In the end, it took roughly 2-3 years to kill the entire root system! Calystegia has a huge root system; the real trick is to get to it early or it can be very hard to control. Digging up the weed, the masses of root were as big around as my thigh and traveling the entire length of the home’s cement foundation!

Methods of Control
1. Dig what you can, treat any new growth sprouting immediately with Roundup. Be consistent, complete removal may take a year or two.

2. Fill a small container with roundup. Cut a small hole or slit in the top and stick one of the vines in the container (through the hole in the top). Place the container in an area where it won't get knocked over or disturbed. Watch and wait for the plant to die. You may need to do this several times to kill it all. The idea is to let the plant soak up lots and lots of roundup (far more than what it would soak up from the leaves.) It is VERY important that the container of RU be in a safe spot where kids and animals won't get into it or knock it over.

3. Also another method is to hand pull all old growth you can find, then apply roundup to any new growth. (Just by spraying or painting this time) Newer growth is far more susceptible to herbicides.

Moving Outdoors/Repotting/Container Notes

Here are some helpful plant related notes that I wanted to share with everyone! Happy readings!

Moving Houseplants Outdoors

1. Summer is a good time to put plants outdoors…repotting is also a good idea at this time!

2. Straighten plants when repotting during the summer if they appear to be leaning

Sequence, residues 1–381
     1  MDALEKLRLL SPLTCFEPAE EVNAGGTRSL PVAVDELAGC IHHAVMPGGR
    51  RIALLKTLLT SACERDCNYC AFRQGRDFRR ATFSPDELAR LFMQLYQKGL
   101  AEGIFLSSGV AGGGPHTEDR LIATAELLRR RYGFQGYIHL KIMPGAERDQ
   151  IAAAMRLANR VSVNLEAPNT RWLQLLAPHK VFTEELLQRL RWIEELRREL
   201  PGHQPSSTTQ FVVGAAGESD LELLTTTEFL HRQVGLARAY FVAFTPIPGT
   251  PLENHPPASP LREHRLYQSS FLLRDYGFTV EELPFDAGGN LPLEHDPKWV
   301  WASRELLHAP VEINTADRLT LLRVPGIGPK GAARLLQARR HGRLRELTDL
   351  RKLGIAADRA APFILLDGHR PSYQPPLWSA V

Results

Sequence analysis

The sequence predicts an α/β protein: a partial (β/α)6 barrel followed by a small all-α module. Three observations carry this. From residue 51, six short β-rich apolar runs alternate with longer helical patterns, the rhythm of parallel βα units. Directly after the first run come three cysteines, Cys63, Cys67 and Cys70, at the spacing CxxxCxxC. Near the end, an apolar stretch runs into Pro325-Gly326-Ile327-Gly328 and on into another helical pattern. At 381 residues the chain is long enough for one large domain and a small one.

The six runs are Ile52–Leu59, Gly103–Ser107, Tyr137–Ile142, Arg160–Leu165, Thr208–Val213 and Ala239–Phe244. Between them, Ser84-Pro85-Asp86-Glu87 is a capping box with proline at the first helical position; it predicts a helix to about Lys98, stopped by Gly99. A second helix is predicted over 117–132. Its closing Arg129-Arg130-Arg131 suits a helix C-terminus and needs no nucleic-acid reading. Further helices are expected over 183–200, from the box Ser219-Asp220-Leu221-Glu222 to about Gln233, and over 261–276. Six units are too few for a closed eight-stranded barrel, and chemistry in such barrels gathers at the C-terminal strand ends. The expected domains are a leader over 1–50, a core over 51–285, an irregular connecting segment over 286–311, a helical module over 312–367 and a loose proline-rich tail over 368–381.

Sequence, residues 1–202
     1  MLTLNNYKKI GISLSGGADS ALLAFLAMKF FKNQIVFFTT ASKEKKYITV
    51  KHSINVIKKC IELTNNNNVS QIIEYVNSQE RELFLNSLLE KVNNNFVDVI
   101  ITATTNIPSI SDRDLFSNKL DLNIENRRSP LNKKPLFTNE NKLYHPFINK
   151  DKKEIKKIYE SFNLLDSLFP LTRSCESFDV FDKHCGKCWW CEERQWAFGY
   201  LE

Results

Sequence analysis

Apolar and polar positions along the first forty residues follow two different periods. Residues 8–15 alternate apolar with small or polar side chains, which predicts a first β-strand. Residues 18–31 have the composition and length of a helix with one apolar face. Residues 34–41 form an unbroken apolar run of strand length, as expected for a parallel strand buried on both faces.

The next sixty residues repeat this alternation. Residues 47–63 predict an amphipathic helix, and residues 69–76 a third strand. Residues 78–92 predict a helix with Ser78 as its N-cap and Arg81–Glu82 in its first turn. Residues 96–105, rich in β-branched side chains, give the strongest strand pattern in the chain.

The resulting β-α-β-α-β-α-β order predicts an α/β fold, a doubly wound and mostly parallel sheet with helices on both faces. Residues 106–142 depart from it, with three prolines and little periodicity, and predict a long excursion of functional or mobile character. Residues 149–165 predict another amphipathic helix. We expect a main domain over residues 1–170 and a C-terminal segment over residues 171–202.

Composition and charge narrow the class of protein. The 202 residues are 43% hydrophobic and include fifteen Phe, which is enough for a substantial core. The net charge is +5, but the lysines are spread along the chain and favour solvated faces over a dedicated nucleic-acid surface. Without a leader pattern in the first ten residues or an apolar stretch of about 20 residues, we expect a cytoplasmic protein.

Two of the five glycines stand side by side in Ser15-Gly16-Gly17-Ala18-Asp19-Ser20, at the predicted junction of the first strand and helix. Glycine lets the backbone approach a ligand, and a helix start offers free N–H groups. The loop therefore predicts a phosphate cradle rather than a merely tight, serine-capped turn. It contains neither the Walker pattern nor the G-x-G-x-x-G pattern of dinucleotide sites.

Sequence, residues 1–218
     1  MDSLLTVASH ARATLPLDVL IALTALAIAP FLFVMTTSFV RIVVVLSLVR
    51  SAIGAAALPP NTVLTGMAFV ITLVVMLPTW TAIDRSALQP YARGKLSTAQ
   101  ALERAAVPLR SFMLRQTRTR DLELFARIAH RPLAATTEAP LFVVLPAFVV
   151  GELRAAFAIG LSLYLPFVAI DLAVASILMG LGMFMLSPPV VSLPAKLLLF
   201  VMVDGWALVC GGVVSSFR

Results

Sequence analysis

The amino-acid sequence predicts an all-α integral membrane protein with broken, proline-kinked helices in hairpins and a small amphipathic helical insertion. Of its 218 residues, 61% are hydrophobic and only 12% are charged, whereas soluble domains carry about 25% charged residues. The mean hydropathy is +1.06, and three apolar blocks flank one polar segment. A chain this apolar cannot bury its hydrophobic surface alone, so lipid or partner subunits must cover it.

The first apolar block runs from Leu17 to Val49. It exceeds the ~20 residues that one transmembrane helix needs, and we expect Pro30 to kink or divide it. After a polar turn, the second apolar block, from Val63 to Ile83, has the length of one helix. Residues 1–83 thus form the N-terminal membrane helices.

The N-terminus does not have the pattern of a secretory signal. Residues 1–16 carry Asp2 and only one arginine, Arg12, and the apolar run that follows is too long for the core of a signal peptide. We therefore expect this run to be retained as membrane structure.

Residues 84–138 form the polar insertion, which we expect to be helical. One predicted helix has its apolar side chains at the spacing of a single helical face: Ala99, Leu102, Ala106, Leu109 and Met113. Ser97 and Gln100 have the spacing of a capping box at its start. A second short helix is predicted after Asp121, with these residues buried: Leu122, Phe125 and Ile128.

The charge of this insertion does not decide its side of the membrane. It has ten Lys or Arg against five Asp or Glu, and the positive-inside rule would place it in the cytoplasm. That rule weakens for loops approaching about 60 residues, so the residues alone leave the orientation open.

3. Use a plastic pot to protect more decorative plant pots (esp. plants that will be outdoors)

4. If you notice any pests, spray them with an insecticidal soap outdoors

5. Leave treated plants outdoors for at least 3 days before bringing inside again

6. Be sure to keep them away from other plants if they turn out to be afflicted

7. Put plants in a shady place, not full sun—the leaves will scorch if you aren’t careful!

Repotting Tips:

1. Spring is a great time for repotting, as is summertime

2. Breaking the pot is sometimes necessary (although this is rare), so don’t be afraid to do this if you absolutely have to!

3. Potsherds can be used for increasing drainage beneath a plant’s rootball

4. Be sure to wash away salt buildup occurring from fertilization. Flush the pot outdoors with lots of water whenever you see salt crystals on the soil surface

5. Loosen the roots before repotting so you can redirect them into the new soil. This step is extra, but very beneficial to a plant’s health over time.

6. Cut stubborn roots away – this will help with newer growth and encourage new roots to form

7. Layer soil around the root ball, and then water the plant

8. The soil will settle into the new pot on its own; don’t compress the soil by hand, or you will close air pockets within soil that let roots breathe!

Containers: Terracotta

1. Terracotta is a classic material for plant pots

2. Expensive terracotta is softer and more porous. It’s very fragile and will break if dropped. You don’t want an investment like this to break!

3. Water collects in the pores of the clay and freezes—then expands—after which point it will shatter. Protecting both the plant and pot from freezing temperatures is advisable!

4. Higher grade terracotta is much denser and more durable than lower grade

5. Apply a water sealer on the inside of the pot to help preserve it for many years

6. Use a plastic nursery container to place the plant in instead of putting it into the actual pot. This will help protect the pot over a long time period